You know the story. A number of blind men each have the opportunity to inspect an elephant. The one touching the elephant's trunk is certain that the elephant is like a snake. The one who feels the animal's leg knows for sure that an elephant is like a tree. To get the full idea of an elephant you'd have to combine all of the blind descriptions into one, big, woolly whole.
If content is the elephant, then we marketers are the blind men trying to describe it. To some, content feels like a PR campaign. To others, content is a slickly designed landing page. The recent Content Marketing Summit, held this week in Newton, MA and sponsored by web technologists, ten24 Web Solutions, attempted to combine the perspectives of five top content marketers to give attendees a holistic view of what content marketing can bring to the B2B sales and marketing process.
Myles Bristowe of CommCreative kicked off the morning. For Bristowe, it's all about ensuring the right content gets to the right person at the right time on the right channel. To achieve this nirvana, marketers need to monitor relevant keywords. By actively listening to the chatter around these terms you learn what content is popular, where the content is being created and/or shared, and who has the largest sphere of influence (based on frequency, friends and followers). Once you understand the audience you can begin creating and syndicating relevant content. From there it's on to website conversion, email nurturing (thanks for the Eloqua callout!), and the eventual sale. Whew! He packed a lot into 30 minutes.
Soren Ryherd from Working Planet Marketing Group has never met a metric that he didn't like. He's a marketing mad scientist, but with a background in statistical analysis, he's allowed to be a geek. For Ryherd, the content elephant looks like an A/B test.
Ryherd hit a chord with the attendees when he spoke about "cross-channel conversions", which calls to mind switching from HBO to Showtime, but actually means when you see a lift in traffic and conversions on one online channel as a result of an event on another channel.
So, let's say you run a new display ad campaign on a set of websites. Most marketers would measure the success of the campaign solely on click-throughs and conversions that come directly from those ads. But display ads will also drive a spike in other channels, particularly a lift in brand keyword searches on Google or Bing, and in visits to the company website. Marketers need to be able to measure these "cross-channel" visits and conversions, attributing the resulting revenue to the display ad campaign. A powerful concept!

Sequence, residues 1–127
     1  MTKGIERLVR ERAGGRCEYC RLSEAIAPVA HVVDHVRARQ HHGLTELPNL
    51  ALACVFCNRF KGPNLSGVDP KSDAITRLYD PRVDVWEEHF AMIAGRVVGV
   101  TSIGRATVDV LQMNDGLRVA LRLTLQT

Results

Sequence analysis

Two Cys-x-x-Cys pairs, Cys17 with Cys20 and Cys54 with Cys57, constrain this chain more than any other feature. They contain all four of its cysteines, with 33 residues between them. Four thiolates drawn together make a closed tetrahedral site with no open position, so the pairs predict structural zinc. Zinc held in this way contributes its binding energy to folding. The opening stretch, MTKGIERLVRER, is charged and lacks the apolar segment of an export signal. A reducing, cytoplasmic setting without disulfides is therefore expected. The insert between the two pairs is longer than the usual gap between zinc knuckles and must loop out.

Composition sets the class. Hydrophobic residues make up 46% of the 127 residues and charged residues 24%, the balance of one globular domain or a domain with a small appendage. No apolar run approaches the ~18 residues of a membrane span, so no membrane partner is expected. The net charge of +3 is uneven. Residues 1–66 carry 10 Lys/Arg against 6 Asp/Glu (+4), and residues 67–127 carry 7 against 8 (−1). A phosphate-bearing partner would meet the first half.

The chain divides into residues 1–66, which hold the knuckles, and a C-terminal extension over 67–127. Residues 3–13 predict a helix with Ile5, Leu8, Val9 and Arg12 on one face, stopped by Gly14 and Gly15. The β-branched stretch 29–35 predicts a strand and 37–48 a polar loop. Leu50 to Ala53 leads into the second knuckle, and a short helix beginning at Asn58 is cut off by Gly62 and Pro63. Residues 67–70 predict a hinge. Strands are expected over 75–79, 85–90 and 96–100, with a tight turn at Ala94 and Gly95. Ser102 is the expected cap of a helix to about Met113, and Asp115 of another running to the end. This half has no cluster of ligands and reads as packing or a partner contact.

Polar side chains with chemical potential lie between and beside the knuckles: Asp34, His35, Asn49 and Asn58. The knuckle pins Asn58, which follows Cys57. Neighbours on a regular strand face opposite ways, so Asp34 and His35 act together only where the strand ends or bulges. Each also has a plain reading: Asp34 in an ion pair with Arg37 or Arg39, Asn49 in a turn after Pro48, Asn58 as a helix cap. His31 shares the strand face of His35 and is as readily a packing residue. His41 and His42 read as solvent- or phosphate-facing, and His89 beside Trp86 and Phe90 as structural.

After the break, we heard from Tim Hurley of ThinkMedia PARTNERS. His is a media-centric view of the content elephant. After assuring us that traditional media is not dead, he demonstrated that vendor content has become a new and trusted source of information for B2B purchasers, essentially taking over some of the share of voice formerly owned by trade journals. Who's the best content marketer these days? Charlie Sheen, duh! Hurley also offered 3 other case studies of #winning content marketing campaigns,which you can find here.
The final presenters were Brad Gustavesen, Vice President and Anna Barcelos, Director of Client Solutions by our hosts ten24 Web Solutions. They focused on best practices in design and content for email communications. I was a bit surprised to be hearing about email design at a content marketing conference, but I decided that for them the content elephant looks like an email message! Three quick takeaways from their talk:
1) B2B marketers should be closely watching B2C email tactics.
2) Don't get too hung up on making pretty buttons or headings for your emails - most people won't see them.
3) Don't waste landing page real estate on "Forward to a Friend". Nobody uses that feature anymore. They use "share to social" instead.
Thanks to ten24 for a great event--the only thing I would like to see in future would be a couple real, actual, red-blooded B2B marketers standing up there with their agencies. It would help to make the event more relevant to attendees.